Oh, Sarah, voice-without-a-voice-Tik-Tok-matinée-star. You had me at How to medical. Bit me with How to testing. Killed me with Should I take insulin. Your first masterpieces. You broke our bones with terrifying funny.
The ink has barely dried on signing the world's biggest trade deal, the Regional Comprehensive Economic Partnership (RCEP), on November 15. A miraculous accomplishment after eight long years of grueling talks, the new free trade zone will include close to a third of the world's population and economic output, outsizing both the European Union and US-Mexico-Canada Agreement.
So let's just get this out of the way: The Eight Hundred (八佰)—the 2020 Chinese historical-emotional war drama directed and co-written by Guan Hu—is one of the best war movies ever made. A serendipitous happenstance because Hong Kong venues recently started screening it at the end of October for the first time. If that wasn't enough, a double stroke of luck—the entire film was uploaded in full HD around the same time. Seeing as The Eight Hundred sets a new standard for epic production values in Chinese cinema, you have no excuse not to see it.
If you didn't know, last week, October 29th, was International Internet Day or #InternetDay on social media. Isn't that amazing? Without the Internet, you wouldn't be reading this. So, we should all be celebrating the most important and popular communication tool humankind has ever invented, shouldn't we? Or should we?
Earlier this year, Netflix did us a solid and brought 21 beautiful Studio Ghibli films to Hong Kong. As fans of Hayao Miyazaki, we rejoiced around campfires. The award-winning art house masterworks have always been exclusive and difficult to find online through streaming services.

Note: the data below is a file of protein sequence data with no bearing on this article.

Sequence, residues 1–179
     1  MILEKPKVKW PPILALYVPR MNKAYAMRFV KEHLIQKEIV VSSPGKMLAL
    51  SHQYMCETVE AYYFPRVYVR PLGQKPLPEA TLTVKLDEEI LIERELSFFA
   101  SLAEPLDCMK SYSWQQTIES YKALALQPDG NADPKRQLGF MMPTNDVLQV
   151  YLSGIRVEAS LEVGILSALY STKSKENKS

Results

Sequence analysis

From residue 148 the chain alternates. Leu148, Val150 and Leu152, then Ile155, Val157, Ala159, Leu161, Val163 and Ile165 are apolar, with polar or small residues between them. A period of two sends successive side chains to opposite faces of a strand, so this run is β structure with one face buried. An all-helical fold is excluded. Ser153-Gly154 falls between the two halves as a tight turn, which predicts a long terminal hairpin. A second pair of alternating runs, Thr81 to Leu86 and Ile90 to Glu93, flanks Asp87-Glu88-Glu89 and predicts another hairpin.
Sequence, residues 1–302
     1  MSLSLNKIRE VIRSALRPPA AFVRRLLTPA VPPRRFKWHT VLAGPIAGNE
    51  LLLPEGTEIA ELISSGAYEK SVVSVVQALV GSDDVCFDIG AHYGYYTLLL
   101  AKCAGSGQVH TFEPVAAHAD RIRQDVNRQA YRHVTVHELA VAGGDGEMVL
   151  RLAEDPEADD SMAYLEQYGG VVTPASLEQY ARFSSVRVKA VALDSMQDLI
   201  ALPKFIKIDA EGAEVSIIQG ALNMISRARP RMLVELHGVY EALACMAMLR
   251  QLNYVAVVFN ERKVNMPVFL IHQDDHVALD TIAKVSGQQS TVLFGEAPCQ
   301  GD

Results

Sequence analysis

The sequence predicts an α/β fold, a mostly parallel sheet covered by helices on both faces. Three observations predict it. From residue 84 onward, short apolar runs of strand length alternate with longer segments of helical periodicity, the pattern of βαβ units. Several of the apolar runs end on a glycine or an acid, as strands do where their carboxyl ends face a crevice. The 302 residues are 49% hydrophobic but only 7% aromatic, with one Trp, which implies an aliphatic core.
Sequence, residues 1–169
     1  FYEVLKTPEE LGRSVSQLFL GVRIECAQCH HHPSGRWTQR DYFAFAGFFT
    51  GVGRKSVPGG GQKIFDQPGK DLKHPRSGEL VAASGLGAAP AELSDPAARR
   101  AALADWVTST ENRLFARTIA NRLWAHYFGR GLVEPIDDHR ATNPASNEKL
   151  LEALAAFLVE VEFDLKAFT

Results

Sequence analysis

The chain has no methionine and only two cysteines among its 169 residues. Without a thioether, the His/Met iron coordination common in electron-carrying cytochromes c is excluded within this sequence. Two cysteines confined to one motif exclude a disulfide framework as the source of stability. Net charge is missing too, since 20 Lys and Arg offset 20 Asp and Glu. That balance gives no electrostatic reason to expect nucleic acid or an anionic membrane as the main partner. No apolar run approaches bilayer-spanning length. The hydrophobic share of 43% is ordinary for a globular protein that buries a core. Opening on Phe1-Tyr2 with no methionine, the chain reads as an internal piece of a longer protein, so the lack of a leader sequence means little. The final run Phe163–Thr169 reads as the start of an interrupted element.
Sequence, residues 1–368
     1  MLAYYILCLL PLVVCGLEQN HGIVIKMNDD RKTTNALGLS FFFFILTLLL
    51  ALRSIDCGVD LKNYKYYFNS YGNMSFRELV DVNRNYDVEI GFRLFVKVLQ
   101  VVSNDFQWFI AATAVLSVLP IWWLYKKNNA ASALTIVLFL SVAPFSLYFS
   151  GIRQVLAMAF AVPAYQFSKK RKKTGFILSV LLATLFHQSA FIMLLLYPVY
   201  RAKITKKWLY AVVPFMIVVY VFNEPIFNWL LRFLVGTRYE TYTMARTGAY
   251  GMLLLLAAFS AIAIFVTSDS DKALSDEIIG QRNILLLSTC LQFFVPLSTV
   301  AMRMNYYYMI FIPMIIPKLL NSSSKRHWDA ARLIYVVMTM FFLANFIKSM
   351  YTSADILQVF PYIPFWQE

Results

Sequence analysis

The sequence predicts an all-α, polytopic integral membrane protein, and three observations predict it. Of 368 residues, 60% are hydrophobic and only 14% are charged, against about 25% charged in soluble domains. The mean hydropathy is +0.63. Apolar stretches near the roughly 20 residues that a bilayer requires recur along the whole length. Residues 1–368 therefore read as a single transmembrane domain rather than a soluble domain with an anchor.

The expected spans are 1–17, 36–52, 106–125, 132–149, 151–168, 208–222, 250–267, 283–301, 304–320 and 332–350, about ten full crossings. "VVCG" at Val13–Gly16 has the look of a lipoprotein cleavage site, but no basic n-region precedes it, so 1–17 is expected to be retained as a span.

For those who saw it on the big screen, In the Mood for Love was an unforgettable experience. Shot on film using ARRIFLEX 35 BL4 and ARRIFLEX 535 Cameras with Zeiss Lenses, it wowed audiences with its richly textured cinematography and odd use of framing. Each shot seemed like a mysterious analog memory—dreamlike smoke-filled spaces punctured by creative lighting and use of shadows.
There's so much to learn about Hong Kong through the work of its masters of cinema. The best thing about Netflix is its regional offerings, so today, we're going to take a look at the work of Chow Yun-Fat, AKA Mr. Cool, AKA Babyface Killer, AKA Brother Fat.
A few months ago, a friend asked me if I'd ever read the Three-Body Problem. No, never heard of it. It's an extraordinary Chinese science fiction novel. Ok, didn't see that coming. Any good? Trust me, read the first fifty pages, you'll be hooked. Intrigue struck. Sure enough, our next meet involved me receiving the mysterious book I knew nothing about, handed over with a grin like some sacred text or best-kept secret. What mind-melting worlds awaited my synapses?
I watched Netflix's 2017 documentary Joshua: Teenager vs Superpower last night for the first time. "Joshua" is a contrived, cloying, unbalanced documentary with the ambition to manipulate perspectives on Joshua Wong's rise and evolution from passionate teen to media princeling.
That was awesome, but what the f**k just happened? Said my imaginary interlocutor as we left the PALACE IFC Broadway Theatre. I'm not sure. Rebirth? Earlier in the week, I'd invited myself to see acclaimed Japanese anime director Omoto Katsuhiro's 1988 cyberpunk epic Akira as it returned to HK cinemas in newly restored 4k. It would be my third time but first HD renovation, big screen, and mask-wearing experience.